Inside This L.A. Agency’s Powerful Documentary About Gangsters Turned Interventionists

Omelet's 'License to Operate' can teach the industry plenty

If the biggest extracurricular activity your agency has had time for lately is the yearly holiday card, prepare to have the bar hoisted higher than your T-rex arms can reach.

Los Angeles creative agency Omelet has released its first full-length documentary, a project that took three years to complete. The hook of "License to Operate" feels like a buddy-movie plot: It follows former gang leaders committed to improving their communities—partitioned into de facto war zones by subsets of gangs, sprung from the original Bloods and Crips—working with law enforcement when necessary. 

Along the way, we meet characters like founder Aquil Basheer of the LTO Movement and the Professional Community Intervention Training Institute (PCITI, which trains and certifies interventionists and other professionals), former Athens Park Blood Kenneth Jones, and Reynaldo "Whiz" Reaser, a former Raymond Crip. 

"We kept cameras rolling for nearly four more months, capturing over 150 hours of footage, and spent close to a year putting the puzzle together into the film we have today," Mike Wallen, the film's producer—and Omelet's chief content officer—tells AdFreak.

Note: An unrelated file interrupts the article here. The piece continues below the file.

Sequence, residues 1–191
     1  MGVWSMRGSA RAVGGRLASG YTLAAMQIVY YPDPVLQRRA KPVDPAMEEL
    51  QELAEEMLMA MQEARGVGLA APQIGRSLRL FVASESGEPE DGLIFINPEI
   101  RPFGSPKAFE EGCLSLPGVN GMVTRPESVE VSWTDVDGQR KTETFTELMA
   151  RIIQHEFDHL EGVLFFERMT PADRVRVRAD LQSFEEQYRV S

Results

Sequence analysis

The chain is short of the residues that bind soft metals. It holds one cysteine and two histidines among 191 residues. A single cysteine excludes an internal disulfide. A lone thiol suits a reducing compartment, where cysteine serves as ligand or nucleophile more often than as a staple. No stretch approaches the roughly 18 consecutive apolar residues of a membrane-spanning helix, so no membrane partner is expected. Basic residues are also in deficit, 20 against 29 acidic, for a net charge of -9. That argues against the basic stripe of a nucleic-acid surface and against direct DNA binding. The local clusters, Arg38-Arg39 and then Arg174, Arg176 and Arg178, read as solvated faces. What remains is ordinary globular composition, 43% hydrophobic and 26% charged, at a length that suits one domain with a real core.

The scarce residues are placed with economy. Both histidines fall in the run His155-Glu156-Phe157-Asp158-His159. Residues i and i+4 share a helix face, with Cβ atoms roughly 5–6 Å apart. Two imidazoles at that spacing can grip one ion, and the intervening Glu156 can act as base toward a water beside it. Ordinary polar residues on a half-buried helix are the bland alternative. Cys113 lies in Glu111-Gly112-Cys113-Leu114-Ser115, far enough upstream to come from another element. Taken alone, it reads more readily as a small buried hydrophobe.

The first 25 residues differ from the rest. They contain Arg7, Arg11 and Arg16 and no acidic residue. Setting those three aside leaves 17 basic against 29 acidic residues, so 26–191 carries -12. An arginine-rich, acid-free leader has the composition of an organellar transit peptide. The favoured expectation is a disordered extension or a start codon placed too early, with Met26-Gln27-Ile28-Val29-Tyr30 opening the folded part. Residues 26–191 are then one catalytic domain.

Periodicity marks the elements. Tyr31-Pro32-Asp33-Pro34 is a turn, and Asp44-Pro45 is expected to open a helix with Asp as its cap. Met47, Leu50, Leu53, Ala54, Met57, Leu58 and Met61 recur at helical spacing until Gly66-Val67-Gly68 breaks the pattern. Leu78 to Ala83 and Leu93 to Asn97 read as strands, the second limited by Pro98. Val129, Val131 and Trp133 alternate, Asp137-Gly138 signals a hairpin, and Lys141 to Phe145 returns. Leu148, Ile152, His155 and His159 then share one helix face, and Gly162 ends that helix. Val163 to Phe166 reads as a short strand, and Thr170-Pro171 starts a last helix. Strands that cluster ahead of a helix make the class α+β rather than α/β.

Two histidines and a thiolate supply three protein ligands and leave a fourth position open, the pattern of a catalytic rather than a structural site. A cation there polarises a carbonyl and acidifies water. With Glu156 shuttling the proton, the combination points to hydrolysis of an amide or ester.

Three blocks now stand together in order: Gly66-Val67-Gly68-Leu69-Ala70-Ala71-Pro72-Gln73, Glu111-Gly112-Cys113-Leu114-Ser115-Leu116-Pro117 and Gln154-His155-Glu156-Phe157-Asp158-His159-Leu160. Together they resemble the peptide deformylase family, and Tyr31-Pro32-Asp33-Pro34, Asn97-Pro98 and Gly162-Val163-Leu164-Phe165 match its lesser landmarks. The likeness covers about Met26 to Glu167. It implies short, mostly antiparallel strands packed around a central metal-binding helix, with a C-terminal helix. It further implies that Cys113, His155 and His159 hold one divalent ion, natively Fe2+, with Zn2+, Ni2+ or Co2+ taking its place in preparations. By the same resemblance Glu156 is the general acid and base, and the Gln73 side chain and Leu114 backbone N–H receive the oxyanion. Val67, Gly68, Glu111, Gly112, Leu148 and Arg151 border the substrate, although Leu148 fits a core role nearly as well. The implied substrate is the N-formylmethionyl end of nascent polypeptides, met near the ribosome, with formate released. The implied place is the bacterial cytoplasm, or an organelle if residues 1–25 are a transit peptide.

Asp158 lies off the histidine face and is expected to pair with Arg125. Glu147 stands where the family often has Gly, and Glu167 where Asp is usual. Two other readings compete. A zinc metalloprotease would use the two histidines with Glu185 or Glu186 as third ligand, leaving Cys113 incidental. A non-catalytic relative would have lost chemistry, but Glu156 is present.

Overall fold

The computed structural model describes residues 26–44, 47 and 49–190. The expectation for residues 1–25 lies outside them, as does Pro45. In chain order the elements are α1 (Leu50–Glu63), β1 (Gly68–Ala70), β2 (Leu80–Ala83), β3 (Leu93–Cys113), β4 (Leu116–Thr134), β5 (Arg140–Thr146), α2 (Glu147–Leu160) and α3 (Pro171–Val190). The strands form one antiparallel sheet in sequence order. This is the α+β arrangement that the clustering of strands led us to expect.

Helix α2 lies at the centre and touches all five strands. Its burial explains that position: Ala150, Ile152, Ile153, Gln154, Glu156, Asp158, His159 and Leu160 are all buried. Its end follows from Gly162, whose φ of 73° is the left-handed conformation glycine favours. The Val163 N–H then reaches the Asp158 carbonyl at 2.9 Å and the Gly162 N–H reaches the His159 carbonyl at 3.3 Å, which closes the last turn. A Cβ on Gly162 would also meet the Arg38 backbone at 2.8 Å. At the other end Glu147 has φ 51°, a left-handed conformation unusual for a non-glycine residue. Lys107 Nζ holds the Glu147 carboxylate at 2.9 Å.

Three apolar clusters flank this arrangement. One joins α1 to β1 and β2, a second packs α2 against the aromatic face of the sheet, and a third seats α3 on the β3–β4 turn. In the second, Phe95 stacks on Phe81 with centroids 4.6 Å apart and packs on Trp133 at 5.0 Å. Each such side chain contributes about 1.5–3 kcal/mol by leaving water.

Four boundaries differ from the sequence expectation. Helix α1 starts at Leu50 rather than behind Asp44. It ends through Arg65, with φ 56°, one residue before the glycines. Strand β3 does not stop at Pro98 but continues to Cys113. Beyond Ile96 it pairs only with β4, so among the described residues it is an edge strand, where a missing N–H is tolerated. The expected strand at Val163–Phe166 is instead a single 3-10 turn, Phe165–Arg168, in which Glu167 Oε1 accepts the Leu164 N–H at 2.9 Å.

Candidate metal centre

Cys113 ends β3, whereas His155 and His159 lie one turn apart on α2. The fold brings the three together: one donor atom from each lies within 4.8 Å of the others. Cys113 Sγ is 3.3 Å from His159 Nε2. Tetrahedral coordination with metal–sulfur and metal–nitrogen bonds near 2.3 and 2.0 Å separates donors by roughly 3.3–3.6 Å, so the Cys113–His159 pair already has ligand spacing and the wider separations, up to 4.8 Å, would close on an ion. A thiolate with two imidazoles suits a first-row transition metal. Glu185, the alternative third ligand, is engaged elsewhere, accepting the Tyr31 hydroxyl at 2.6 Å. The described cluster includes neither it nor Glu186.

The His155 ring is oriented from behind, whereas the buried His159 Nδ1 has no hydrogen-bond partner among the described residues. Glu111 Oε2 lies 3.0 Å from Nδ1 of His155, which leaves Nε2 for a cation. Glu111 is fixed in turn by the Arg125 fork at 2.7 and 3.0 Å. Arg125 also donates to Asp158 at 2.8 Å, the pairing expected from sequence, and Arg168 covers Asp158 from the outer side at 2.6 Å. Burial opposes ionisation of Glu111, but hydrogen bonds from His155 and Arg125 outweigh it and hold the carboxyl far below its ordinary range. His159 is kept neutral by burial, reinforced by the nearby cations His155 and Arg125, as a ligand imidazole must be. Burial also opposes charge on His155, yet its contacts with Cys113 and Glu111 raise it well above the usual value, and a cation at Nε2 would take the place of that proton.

The film kicks off with the story of one man's descent into gang violence around 1992. That year, 1,900 homicides were recorded in Los Angeles, a record figure for the county.

The city needed sustainable action, not just brute force and badges.

"Individuals realized the need to secure public safety, and most realized it would take a unified effort," Basheer—who's served in gang intervention for over 40 years—tells us. "Our expertise needed to be on board to make the process effective." 

It merits asking how ex-gangbangers and interventionists saw the merits of working—however intermittently—with the LAPD, characterized as intolerant, racist and militant. It was only in 1991 that four officers were charged with the beating of Rodney King, a subject the film broaches in footage that feels more brutal than its allusions to civilian-on-civilian violence. 

"The LAPD had significant problems with many communities that they served in the past," Basheer agrees. This image pushed it to try becoming more "community vested" and integrated.

"We don't work for the LAPD, we are not the LAPD's snitches, and we do not pass intel to the LAPD," says Basheer. "We have a respected coexistence that is based on public safety and keeping our communities safe. This came through years of watching each other work in the community, and gang credibility from that community." 

He continues, "We identified some outstanding officers who were truly community vested. Some in leadership tried to empower change within their ranks. Others faulted the process. We work with those that are constructive and valuable assets to the community we serve."

For police forces, there's a logic to working with former gang members, who not only have street cred but understand the unspoken divides that delineate neighborhoods.

"The boundaries are clearly marked," Wallen explains. "Collaboration between representatives of these neighborhoods was critical. What's unique about this network of ex-gang members is that while they each represent their respective neighborhoods, the alliances they've created allow them to work together across the entire city of L.A."